It was called on the members that if any member was attacked by an outside force the other members would come to the defence and set up a unified military command. Chief in Command would be Marshal Ivan S. Konev of the Soviet Union. On May, 1955 the United States and the other members if the North Atlantic Treaty Organization made the decision to make West Germany a member of NATO and let them remilitarize. The Soviet Union saw this action as a direct threat and created the Warsaw Pact. The Pact remained until 1991, it fell apart after each member left.
In the aftermath of World War II, growing tensions and rivalry between the United States and the Soviet Union resulted in the Cold War. Having lasted for much of the second half of the 20th century, this state of economical, political and propaganda-based confront, with a lack of military conflict and open hostility, is considered a turning point in modern history. The root cause of the conflict was fundamentally the belief in completely opposing ideologies. The confrontation between capitalism and communism led to an international power struggle that left the world on the brink of disaster. To counter Soviet geopolitical hegemony in the context of the Cold War, Harry S. Truman, President of the United States, developed the Truman Doctrine,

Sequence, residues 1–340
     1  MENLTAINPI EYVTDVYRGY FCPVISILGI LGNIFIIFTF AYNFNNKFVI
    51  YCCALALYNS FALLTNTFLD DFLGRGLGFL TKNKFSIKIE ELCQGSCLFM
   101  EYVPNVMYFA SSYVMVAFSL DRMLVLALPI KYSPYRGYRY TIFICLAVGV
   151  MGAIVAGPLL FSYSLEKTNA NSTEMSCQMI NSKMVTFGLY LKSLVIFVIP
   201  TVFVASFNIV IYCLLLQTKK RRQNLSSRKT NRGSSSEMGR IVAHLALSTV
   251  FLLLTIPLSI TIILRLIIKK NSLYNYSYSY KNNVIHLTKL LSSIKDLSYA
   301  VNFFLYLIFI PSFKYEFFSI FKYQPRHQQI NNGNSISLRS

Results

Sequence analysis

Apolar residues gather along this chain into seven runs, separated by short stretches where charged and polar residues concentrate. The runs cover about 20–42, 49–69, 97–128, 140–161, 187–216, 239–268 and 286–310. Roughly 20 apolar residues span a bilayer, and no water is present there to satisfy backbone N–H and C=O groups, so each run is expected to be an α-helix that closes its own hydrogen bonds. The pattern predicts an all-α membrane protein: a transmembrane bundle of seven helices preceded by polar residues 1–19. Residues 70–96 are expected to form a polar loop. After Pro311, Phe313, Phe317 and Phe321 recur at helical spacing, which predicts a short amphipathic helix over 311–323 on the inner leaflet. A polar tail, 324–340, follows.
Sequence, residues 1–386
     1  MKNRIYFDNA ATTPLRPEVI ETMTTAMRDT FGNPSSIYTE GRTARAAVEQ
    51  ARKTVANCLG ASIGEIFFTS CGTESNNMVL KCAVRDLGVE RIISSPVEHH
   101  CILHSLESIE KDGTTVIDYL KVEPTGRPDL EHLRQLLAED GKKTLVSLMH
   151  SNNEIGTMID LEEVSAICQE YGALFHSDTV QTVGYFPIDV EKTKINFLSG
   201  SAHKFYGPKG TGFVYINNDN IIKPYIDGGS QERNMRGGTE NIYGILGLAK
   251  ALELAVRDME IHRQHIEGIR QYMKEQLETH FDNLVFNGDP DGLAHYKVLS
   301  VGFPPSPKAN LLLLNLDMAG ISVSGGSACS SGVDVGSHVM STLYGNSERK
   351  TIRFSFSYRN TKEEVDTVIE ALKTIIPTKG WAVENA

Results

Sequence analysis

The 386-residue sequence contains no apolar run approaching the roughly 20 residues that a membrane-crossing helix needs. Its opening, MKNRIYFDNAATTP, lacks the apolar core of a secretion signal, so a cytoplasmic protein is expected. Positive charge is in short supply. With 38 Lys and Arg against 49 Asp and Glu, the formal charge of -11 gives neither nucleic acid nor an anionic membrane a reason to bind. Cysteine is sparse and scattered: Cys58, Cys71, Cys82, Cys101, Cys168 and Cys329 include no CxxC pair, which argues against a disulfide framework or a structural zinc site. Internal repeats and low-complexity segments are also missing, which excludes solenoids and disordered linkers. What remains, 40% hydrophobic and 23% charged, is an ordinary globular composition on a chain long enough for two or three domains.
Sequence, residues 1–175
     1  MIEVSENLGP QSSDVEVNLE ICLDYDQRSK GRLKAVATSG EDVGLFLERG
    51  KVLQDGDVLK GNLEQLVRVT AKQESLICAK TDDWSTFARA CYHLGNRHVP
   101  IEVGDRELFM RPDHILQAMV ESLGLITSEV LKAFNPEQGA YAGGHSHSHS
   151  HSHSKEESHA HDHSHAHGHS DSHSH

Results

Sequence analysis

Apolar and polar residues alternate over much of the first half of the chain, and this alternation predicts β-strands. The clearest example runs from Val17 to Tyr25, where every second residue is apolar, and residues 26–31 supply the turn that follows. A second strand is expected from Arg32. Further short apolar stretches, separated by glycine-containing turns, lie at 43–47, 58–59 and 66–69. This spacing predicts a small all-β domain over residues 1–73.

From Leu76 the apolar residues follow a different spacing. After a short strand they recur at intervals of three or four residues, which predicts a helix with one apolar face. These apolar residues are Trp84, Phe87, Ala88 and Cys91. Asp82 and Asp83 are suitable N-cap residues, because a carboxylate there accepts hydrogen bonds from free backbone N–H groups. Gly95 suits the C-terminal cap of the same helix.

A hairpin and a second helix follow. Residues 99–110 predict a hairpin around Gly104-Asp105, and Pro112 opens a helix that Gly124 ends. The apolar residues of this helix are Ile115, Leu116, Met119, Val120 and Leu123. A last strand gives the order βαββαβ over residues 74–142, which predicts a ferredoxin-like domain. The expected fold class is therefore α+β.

The Cold War soon begins after the end of WW2 when Truman, the successor of Roosevelt became president in 1945 due to ideological differences between the two superpowers, United States and the Soviet Union. The Cold War had a massive impact on US politics as could be seen through the creation of political consensus between the Republican and Democrats in relation to the policy of containment that includes the Marshall plan, the establishment of the NATO, the NSC-68 report and also the Truman Doctrine as the response of George Kennan’s containment theory, which caused US politics to be specifically targeted at the Soviet Union. While there are political consensus to contain Communism, the Cold War had primarily polarised politics when McCarthy